This book followed Simidele, a mermaid. She’s a Mami Wata and her job was to collect souls of those who passed in the sea to be blessed (aka collect the dead). As she swam and watched a ship cruised by, she saw a dead woman in the water and quickly prayed for her. Her necklace glowed to informed her that one of her kind is nearby and sure enough Folasade arrived. She comforted Simidele on her grief for that dead woman because the woman reminded Simidele of her own mother. On Simidele’s free time, she liked to go to her Creator’s island to transform herself back into her human self so that she could relive the memories of her mom. Her memories of her human life are wiped clean when she stayed in the sea. Yemoja, Goddess of the Sea, Creator of Mami Wata, told her that what she did for the dead was an honor and she shouldn’t do anything more than pray for the dead. Later another ship went by and a guy named Adekola aka Kola, around 17, was dropped into the ocean left for dead. She swam to him and found that although there were a lot of blood around him, he was still alive. She decided quickly to save him by swimming to the Creator’s island. She busied her inspection of his wounds and he was able to witness her transformation from mermaid to human. This whole situation was against the rules for Simidele. The guy knew of her boss and asked her to summon Yemoja and have Yemoja help him to get home. Simidele feared she would be in trouble for saving Kola’s life than praised by Yemoja. Yemoja answer to a Supreme Creator called Olodumare. Her enemy is Esu, Messenger to Olodumare, who is an orisa similar rank as her. This book is a retelling of the Little Mermaid African mythology style.
Skin of the Sea was well written and narrated. The start caught my attention immediately. It’s unlike anything I have read before. Often I couldn’t put down. Simi’s job was different. It was good to meet another Mami Wata. I liked the mentioned of banana trees because I grew up near them for a short time. I enjoyed the humor. Kola sounded like a great guy. He loved his siblings. Normally I don’t like flashbacks in books unless it was delivered in a separate chapter following a timeline but in this book, it was ok. I can tell when I’m not in the present day. It was useful in this case because that’s when readers got to know more about the main character’s past. It was interesting to follow Simi solve a puzzle to cross a so-called bridge using stories she had heard growing up. The ending was bittersweet. My heart felt calm in knowing that there will be a sequel and hopefully love will be in the air! A great read and I highly recommend everyone to read this book!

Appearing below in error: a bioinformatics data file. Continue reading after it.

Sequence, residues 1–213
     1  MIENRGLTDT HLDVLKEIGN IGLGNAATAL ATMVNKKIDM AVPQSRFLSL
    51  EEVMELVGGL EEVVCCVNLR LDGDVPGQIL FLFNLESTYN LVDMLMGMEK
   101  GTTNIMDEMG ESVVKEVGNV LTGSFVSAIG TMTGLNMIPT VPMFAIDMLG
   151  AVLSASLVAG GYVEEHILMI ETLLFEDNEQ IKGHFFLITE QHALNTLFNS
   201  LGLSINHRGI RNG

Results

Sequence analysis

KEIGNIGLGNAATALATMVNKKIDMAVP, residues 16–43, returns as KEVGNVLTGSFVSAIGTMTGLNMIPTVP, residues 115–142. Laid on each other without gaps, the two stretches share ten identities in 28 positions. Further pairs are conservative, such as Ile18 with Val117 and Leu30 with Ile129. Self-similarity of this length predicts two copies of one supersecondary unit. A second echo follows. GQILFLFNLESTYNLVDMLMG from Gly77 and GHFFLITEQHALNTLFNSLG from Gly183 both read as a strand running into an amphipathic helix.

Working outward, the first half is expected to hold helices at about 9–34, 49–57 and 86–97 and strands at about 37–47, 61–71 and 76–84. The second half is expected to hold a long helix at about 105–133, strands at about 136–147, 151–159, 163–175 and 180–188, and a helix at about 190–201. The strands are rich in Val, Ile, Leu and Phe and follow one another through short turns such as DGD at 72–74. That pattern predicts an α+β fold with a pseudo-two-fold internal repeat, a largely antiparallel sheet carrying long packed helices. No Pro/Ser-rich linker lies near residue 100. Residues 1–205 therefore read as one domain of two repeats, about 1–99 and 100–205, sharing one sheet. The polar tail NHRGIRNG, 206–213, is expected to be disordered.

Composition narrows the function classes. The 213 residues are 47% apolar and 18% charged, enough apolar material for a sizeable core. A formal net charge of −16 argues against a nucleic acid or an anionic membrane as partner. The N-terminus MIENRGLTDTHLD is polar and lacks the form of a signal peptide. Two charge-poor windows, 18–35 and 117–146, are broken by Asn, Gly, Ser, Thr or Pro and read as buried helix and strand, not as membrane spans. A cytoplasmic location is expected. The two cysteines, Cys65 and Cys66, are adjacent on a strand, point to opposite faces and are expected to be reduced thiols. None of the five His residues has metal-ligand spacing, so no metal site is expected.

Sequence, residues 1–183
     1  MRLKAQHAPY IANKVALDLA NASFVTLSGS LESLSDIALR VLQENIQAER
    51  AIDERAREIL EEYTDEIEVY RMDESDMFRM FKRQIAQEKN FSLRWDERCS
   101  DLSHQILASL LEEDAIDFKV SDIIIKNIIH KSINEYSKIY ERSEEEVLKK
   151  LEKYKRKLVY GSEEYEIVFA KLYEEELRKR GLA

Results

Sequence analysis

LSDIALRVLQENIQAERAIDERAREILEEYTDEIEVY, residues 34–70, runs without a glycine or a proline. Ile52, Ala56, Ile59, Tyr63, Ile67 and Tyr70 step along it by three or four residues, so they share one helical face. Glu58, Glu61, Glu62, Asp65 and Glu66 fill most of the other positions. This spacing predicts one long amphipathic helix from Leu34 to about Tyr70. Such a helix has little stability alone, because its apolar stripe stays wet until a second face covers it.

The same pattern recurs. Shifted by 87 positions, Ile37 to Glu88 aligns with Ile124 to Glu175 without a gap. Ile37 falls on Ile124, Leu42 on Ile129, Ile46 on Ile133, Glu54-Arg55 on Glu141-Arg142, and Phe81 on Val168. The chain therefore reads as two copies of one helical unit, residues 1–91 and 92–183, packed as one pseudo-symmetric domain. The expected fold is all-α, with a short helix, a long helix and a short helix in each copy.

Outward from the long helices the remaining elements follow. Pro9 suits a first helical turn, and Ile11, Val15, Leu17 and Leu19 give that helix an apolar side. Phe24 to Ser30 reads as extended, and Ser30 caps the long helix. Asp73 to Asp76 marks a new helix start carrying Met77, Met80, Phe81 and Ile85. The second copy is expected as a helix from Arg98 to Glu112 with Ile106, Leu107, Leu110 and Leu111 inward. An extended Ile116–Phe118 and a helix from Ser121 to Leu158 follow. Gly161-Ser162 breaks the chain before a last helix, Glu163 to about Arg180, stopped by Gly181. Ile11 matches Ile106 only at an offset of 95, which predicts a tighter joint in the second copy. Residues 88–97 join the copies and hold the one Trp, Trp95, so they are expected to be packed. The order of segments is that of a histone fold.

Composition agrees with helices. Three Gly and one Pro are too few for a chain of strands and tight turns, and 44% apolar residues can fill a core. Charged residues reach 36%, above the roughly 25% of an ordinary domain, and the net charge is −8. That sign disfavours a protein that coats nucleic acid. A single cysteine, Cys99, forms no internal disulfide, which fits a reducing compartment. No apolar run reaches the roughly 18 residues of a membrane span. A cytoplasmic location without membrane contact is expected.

I rate it 5 stars!
About the Author:
Natasha Bowen is a New York Times bestselling author, a teacher, and a mother of three children. She is of Nigerian and Welsh descent and lives in Cambridge, England, where she grew up. Natasha studied English and creative writing at Bath Spa University before moving to East London, where she taught for nearly ten years. She is obsessed with Japanese and German stationery and spends stupid amounts on notebooks, which she then features on her secret Instagram. When she’s not writing, she’s reading, watched over carefully by Milk and Honey, her cat and dog. Follow her on Twitter at @skinofthesea (Photo and info obtained from Penguin Random House’s website).
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***Disclaimer: Many thanks to Penguin Random House and Getunderlined for the opportunity to read and review. Please be assured that my opinions are honest.